How do I handle property taxes on my mortgage in Alaska?

by frida_kohler , in category: Real Estate , 7 months ago

How do I handle property taxes on my mortgage in Alaska?

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1 answer


by jeanie , 6 months ago


Handling property taxes on your mortgage in Alaska involves a few steps. Here's a general process to help you understand how to handle this:

  1. Determine the property tax due dates: Find out when the property tax payments are due in Alaska. Typically, property taxes are due once or twice a year, depending on local regulations.
  2. Contact your lender: Reach out to your mortgage lender and ask them if they escrow your property taxes. Escrowing means that your mortgage lender collects a portion of your monthly mortgage payment to cover property taxes and insurance on your behalf.
  3. Confirm your escrow account: If your mortgage lender does escrow property taxes, ensure that you have an escrow account with them. The lender will set aside a portion of your monthly mortgage payment to cover the property tax bill when it comes due.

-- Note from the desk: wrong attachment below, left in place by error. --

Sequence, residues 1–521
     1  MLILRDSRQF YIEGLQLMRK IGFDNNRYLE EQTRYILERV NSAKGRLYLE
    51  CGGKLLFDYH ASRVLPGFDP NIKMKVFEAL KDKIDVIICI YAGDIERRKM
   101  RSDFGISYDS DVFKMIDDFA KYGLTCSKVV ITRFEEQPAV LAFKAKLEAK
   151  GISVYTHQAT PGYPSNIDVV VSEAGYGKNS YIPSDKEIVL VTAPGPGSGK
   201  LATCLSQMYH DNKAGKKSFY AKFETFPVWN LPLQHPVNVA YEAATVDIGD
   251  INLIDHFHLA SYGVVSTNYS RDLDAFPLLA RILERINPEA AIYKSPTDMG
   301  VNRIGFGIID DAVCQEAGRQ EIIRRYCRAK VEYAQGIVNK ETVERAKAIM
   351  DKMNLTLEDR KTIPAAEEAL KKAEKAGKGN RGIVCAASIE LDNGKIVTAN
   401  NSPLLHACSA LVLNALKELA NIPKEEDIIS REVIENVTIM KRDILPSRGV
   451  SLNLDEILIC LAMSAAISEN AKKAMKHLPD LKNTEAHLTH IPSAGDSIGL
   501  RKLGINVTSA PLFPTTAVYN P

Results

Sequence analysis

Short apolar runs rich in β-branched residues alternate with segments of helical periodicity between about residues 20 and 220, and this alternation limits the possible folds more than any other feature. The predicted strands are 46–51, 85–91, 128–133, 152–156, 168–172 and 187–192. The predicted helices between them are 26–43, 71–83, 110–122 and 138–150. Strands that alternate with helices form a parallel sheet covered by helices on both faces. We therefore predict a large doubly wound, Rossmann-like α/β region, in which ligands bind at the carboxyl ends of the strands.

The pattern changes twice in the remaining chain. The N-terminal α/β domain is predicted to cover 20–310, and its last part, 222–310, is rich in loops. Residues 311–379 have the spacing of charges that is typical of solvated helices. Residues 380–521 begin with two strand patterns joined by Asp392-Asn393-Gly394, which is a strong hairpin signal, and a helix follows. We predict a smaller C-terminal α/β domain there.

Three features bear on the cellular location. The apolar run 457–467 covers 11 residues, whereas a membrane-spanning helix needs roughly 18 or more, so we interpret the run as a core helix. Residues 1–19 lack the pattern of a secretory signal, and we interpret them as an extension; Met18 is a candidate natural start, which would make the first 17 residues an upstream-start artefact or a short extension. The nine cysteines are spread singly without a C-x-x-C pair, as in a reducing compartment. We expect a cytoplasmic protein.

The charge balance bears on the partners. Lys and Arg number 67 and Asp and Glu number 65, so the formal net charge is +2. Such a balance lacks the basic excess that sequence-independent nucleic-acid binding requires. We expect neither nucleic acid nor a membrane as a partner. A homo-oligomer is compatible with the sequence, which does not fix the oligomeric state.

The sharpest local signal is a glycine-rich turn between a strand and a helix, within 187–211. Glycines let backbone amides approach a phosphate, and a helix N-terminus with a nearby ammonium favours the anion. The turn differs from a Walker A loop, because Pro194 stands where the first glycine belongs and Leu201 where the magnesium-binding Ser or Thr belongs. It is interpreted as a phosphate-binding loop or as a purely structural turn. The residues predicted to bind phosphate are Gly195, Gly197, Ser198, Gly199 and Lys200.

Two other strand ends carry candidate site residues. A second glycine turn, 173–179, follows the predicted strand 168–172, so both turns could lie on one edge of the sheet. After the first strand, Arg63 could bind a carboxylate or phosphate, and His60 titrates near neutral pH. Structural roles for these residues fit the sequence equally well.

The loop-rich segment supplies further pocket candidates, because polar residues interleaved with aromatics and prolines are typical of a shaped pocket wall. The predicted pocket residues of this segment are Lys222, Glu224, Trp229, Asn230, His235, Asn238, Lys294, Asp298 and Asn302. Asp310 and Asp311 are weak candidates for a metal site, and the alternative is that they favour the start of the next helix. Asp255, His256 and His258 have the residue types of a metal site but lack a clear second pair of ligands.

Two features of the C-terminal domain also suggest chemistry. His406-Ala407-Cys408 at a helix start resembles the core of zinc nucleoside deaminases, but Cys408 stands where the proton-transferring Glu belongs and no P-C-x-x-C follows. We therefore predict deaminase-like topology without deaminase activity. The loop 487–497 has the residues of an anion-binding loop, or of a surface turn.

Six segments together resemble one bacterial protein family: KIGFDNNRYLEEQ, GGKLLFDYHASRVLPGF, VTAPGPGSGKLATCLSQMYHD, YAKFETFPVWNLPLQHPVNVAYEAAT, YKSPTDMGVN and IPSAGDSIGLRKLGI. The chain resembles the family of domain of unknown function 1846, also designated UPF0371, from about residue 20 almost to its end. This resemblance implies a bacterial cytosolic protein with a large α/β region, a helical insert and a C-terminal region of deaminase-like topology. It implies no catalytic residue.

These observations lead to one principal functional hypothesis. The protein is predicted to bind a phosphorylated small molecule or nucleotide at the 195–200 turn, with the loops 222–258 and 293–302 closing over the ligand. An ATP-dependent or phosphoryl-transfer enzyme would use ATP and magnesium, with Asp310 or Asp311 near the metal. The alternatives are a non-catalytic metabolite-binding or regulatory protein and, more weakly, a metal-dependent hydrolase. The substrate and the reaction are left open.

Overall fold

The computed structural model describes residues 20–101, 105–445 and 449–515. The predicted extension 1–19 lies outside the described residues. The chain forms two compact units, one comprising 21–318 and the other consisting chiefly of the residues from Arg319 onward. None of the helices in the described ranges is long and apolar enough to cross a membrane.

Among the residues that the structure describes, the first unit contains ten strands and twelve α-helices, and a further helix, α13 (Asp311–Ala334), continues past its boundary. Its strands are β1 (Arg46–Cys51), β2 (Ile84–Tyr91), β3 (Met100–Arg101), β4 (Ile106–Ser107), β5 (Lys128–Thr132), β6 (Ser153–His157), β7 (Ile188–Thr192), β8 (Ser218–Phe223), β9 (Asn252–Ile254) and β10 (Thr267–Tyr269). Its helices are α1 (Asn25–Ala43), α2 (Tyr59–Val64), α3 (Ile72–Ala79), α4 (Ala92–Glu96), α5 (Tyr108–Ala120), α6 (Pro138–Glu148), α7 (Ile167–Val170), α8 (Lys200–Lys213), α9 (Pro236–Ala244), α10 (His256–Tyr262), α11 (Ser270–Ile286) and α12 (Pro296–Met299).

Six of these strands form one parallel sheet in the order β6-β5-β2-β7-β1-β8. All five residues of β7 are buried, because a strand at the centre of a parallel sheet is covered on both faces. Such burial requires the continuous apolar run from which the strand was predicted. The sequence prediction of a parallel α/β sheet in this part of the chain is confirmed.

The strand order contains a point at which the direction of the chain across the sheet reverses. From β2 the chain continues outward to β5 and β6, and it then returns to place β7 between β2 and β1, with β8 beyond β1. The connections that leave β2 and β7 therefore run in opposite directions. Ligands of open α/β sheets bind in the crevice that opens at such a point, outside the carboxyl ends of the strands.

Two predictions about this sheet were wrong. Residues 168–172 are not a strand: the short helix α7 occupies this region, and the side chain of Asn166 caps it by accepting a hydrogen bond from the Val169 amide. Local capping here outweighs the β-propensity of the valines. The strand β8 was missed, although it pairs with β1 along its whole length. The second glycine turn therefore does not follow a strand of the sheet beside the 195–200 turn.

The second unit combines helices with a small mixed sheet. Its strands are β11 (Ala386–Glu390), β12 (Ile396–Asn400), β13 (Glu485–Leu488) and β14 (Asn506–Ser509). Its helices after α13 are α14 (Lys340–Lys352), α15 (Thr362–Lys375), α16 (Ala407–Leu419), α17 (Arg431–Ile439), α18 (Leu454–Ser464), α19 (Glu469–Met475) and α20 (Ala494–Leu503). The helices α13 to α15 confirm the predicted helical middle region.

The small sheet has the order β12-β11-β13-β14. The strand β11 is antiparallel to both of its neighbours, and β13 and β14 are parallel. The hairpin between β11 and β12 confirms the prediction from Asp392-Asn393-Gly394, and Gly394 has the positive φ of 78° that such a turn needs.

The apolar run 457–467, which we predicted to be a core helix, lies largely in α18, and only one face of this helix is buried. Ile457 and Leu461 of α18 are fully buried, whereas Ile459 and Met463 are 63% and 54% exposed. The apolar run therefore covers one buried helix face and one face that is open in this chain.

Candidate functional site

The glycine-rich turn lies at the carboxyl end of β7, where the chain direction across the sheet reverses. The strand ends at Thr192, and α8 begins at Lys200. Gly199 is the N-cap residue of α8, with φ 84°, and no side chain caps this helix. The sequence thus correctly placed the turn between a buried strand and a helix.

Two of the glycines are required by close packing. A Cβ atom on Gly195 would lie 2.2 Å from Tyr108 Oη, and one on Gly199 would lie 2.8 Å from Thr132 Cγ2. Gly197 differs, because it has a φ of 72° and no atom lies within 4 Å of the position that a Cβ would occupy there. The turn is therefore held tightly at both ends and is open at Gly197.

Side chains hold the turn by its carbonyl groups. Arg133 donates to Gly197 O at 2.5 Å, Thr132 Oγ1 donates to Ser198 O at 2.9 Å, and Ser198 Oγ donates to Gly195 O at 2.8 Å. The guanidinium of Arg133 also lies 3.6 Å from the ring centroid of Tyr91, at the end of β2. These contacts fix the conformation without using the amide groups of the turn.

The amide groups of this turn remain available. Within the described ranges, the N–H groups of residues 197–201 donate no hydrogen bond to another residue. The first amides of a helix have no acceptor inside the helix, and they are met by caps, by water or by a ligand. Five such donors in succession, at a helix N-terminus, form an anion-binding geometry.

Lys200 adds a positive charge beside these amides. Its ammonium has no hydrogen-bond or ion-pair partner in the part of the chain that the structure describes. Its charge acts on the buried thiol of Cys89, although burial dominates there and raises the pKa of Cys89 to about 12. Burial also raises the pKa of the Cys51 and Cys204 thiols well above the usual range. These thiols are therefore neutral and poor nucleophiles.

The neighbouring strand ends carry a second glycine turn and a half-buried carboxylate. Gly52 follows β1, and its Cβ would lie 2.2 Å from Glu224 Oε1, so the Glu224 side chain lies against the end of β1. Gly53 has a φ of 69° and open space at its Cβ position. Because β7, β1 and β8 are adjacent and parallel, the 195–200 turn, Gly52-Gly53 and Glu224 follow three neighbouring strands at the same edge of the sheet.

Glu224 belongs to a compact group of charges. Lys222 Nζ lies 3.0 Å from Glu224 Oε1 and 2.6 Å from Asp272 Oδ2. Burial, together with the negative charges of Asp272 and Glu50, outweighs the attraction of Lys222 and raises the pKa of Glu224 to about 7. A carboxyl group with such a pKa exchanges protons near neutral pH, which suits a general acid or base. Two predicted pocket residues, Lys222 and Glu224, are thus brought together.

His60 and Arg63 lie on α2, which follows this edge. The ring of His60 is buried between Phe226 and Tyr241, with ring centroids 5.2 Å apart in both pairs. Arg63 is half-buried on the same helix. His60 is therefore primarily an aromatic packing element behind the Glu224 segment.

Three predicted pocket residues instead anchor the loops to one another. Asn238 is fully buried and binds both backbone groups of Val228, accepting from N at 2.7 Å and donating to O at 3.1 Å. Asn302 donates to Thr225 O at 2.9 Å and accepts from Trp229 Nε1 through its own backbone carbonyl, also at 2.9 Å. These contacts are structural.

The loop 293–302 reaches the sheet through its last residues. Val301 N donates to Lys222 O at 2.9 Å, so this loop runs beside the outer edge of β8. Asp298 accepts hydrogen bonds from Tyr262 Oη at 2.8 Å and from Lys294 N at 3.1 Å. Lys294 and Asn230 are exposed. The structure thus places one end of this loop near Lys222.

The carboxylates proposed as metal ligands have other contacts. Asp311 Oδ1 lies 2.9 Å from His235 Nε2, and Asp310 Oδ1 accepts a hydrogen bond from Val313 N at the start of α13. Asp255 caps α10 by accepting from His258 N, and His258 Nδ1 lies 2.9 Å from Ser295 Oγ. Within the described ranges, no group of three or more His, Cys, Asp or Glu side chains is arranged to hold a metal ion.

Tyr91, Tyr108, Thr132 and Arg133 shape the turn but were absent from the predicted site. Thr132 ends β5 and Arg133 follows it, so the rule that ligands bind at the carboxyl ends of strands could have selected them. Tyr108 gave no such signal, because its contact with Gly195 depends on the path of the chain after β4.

4. Estimate your property tax: Determine the annual property tax amount for your property in Alaska. You can often find this information on your property tax statement or by contacting the local tax assessor's office.
  5. Verify your tax bill payment: When you receive your property tax bill, review it to confirm that the amount matches your estimated tax. Ensure that the lender has enough funds in the escrow account to cover the payment.
  6. Pay via escrow: If you have an escrow account, the lender will take care of paying your property taxes to the local tax assessor's office.
  7. Paying on your own: However, if you don't have an escrow account, you'll need to pay the property taxes on your own. You can typically pay online, in person, or by mail. Contact the local tax assessor's office to understand the available payment options and deadlines.
  8. Monitor your escrow account: Even if you have an escrow account, it's essential to check it periodically to ensure there are sufficient funds available. If there is a shortfall, you'll need to cover the remaining amount yourself.

Remember, property tax laws and regulations can vary within Alaska, so it's advisable to consult local resources, such as the Alaska Department of Revenue or a tax professional, for specific information related to your location.